How to Use the Grip Shift on Your Bike

By Art Corvelay

A bicycle with multiple speeds must be shifted from one gear to another when riding up and down hills. Lower gears allow you to pedal easier and should be used when going uphill, while higher gears make pedaling more difficult and should be used when going downhill. In order to shift from one gear to another, you need to use the shifter on your bike. A bike with a grip-shifter has the shifting device on the inside edge of the bicycle's hand grips.

Choose a chain ring before embarking on your ride. Twist the left grip-shifter to move the chain onto a different chain ring. Be sure to be pedaling forward when twisting, as the only way for the chain to move from one ring to another is when the pedals are moving forward. Use either your hand or feet to pedal while shifting. The left grip-shift controls the front derailleur. The front derailleur is the mechanism that moves the chain from one chain ring to another. Many bikes with multiple gears have three different chain rings. Twist away from you to choose a lower chain ring and toward you to choose a higher chain ring. Once you've chosen a chain ring, it's typical to leave your bike on that ring unless you are riding up extreme hills.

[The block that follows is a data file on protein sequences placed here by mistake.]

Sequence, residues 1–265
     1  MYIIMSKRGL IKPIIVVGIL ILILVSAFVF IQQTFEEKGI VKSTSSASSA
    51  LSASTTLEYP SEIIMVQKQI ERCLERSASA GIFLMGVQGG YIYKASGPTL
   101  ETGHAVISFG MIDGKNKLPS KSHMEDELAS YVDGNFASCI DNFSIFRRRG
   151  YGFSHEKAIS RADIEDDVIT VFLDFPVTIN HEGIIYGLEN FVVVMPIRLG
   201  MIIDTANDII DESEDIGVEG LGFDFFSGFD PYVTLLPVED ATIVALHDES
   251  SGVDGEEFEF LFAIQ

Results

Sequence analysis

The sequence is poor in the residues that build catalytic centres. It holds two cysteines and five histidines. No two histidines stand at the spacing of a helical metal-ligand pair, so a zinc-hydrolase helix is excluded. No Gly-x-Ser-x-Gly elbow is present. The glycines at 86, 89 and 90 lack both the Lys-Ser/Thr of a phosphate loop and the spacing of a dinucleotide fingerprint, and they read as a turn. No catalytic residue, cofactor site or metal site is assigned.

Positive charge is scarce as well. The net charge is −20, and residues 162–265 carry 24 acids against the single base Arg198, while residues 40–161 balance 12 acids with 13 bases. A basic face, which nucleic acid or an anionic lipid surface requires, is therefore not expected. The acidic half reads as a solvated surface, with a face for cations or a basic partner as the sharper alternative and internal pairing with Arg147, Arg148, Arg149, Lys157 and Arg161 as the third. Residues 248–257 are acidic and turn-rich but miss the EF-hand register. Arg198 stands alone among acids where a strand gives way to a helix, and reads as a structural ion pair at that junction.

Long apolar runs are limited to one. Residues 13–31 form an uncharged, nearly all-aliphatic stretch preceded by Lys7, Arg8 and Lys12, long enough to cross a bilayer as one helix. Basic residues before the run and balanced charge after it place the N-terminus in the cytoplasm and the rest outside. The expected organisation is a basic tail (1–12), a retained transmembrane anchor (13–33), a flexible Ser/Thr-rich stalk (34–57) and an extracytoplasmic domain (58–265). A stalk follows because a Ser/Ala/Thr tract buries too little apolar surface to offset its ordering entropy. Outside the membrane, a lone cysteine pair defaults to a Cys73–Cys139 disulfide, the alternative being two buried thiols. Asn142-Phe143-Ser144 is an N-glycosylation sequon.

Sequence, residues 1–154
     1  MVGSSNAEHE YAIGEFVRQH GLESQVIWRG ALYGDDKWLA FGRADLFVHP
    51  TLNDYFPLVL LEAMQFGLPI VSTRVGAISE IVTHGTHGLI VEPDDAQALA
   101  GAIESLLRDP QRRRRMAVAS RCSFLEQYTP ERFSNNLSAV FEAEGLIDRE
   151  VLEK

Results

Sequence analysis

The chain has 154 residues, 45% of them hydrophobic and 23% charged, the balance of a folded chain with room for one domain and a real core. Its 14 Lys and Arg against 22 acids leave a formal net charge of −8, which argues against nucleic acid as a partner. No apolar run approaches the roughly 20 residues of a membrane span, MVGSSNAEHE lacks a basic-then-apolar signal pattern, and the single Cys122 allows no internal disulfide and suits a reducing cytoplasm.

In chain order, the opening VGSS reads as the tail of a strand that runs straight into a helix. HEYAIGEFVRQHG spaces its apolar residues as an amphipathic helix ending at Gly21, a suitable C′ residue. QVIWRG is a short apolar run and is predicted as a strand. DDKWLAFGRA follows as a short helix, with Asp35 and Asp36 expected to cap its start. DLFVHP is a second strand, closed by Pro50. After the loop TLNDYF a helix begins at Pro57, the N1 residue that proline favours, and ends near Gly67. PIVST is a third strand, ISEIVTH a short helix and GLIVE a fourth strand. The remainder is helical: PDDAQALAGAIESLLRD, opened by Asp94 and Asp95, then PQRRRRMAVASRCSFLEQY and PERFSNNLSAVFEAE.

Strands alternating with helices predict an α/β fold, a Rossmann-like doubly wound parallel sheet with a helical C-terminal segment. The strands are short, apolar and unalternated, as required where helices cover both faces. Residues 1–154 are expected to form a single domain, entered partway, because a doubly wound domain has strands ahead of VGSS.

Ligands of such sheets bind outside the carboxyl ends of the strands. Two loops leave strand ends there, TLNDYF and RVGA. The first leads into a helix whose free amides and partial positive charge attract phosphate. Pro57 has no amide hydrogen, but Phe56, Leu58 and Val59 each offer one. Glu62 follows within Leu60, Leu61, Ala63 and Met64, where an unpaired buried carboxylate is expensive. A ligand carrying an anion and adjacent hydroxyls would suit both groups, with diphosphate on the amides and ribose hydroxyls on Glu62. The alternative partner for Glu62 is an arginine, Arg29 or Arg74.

Start riding once you have chosen a chain ring. Shift up to a higher gear when it becomes to easy to pedal. Twist the right grip-shift away from you while pedaling.

Shift down to an easier gear when it becomes too difficult to pedal due to wind or when you're riding up a hill. You should also shift down before you stop. Shift into a gear that is easy to start up in. Twist the right grip-shift toward you while pedaling.

Continue to shift up and down, using the right grip-shift as needed on your ride. It's common to constantly shift up and down. There is no right or wrong way to shift, so feel free to shift as much as is necessary during your ride.

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About the Author

Art Corvelay is a freelance writer for demand studios who has been writing and editing for five years. He holds a Ph.D. in technical communication and teaches courses in writing and editing at the university level.

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